Between one and two years the child reaches full control of eye muscles, while the accommodation allows him to focus on objects at any distance. Two years after his eye structures function in a complete, but the achievement of maximum visual acuity is achieved at the age of 6-7 years. Premature birth is part of this process by creating the conditions for events that may have very serious consequences in the short, medium and long term. Between the 28 weeks premature and full-term, the volume of the visual cortex is in 4: 1 ratio and the number of synapses, in little premature, is twice born in the term [2]. In preterm apparatus eye does not present an appropriate development for their age; this immaturity is of variable degree in relation to the degree of prematurity.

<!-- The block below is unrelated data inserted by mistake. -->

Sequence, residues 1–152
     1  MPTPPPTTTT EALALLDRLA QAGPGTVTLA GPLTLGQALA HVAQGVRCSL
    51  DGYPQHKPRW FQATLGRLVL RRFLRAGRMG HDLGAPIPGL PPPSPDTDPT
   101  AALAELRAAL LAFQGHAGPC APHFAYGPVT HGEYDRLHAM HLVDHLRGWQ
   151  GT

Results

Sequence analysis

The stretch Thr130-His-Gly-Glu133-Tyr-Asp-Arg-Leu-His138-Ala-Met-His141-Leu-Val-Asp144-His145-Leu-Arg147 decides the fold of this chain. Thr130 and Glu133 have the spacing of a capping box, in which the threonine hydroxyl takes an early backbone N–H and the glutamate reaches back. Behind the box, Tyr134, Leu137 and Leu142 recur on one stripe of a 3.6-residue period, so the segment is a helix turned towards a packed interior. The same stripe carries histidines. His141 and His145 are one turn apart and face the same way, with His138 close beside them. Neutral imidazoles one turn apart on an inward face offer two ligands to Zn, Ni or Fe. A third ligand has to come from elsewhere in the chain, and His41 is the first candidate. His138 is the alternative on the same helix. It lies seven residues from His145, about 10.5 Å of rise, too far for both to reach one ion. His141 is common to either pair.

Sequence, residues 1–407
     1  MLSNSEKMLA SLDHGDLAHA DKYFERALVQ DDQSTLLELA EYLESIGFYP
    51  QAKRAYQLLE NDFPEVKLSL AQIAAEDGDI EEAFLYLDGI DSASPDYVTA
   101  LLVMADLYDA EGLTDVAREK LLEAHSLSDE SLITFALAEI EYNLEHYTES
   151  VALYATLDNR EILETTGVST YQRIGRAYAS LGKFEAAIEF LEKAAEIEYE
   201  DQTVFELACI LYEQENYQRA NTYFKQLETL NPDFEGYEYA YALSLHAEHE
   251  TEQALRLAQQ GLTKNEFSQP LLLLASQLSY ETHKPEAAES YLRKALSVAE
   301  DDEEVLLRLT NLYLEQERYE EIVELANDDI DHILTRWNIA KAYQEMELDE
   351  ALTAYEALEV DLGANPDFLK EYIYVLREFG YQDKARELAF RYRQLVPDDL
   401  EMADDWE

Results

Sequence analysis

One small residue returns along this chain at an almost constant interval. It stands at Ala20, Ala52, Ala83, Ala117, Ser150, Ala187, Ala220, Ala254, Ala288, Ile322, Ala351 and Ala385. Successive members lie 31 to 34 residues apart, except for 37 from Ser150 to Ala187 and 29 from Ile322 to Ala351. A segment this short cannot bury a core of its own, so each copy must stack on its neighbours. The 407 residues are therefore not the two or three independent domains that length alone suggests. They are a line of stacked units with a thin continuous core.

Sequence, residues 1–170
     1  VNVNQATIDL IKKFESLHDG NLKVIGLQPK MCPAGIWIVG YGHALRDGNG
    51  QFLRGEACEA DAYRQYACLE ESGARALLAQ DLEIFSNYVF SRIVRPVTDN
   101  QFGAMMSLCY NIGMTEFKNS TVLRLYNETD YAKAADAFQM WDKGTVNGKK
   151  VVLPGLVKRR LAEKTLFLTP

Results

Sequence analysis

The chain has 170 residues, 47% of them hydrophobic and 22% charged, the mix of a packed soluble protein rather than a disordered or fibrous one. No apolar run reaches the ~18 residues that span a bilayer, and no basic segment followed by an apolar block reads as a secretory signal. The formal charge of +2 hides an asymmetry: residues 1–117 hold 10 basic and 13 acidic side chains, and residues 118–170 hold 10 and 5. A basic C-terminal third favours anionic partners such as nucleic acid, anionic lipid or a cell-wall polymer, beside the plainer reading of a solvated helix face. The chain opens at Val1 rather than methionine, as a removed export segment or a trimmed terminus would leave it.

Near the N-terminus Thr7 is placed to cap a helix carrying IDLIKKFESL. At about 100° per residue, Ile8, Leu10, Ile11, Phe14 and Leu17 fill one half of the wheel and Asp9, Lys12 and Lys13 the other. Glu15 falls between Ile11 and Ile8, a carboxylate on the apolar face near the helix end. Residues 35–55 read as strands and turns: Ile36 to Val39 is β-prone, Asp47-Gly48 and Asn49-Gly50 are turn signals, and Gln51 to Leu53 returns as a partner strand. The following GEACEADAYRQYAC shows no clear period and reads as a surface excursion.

Often in more severe cases are noticed lid margins with very thin lashes almost non-existent and the orbicular is muscle poorly efficient. The size of the eyeball are unusually low, the cornea is not transparent, the iris gray-bluish and miotic pupil and hypo reagent to light. The lens is globular and is traversed by the residual “tunica vasculosa lentis”, which normally withdraws from the 33rd-34th week of gestation; the vitreous is turbid with debris hyaloid artery. The preterm [3] has poor control of eye muscles, gets tired easily and sometimes can seem squint (Figure 1). Taking into account the frequent association between strabismus and prematurity and of cause and effect between strabismus and amblyopia, in premature infants must be performed within the first year of life assessment orthoptics. In a patient squint, eyes are not aligned on the same object, then the projected images on the two retinas cannot be merged into a single three-dimensional image. In order to avoid the phenomena of diplopia and sensory confusion, the brain chooses to suppress the image from the eye deviated, not allowing a complete development of its visual pathways, thus achieving maximum visual acuity (phenomenon of amblyopia). Besides visiting orthoptic is critical observation of the fundus, the purpose of early detection of retinopathy of pre-term (ROP) [4].The study of the effects in the medium and long-term vision on the apparatus [5] of the population of preterm focuses mainly on the analysis of the incidence of eterotropie with or without co-existence of refraction defects.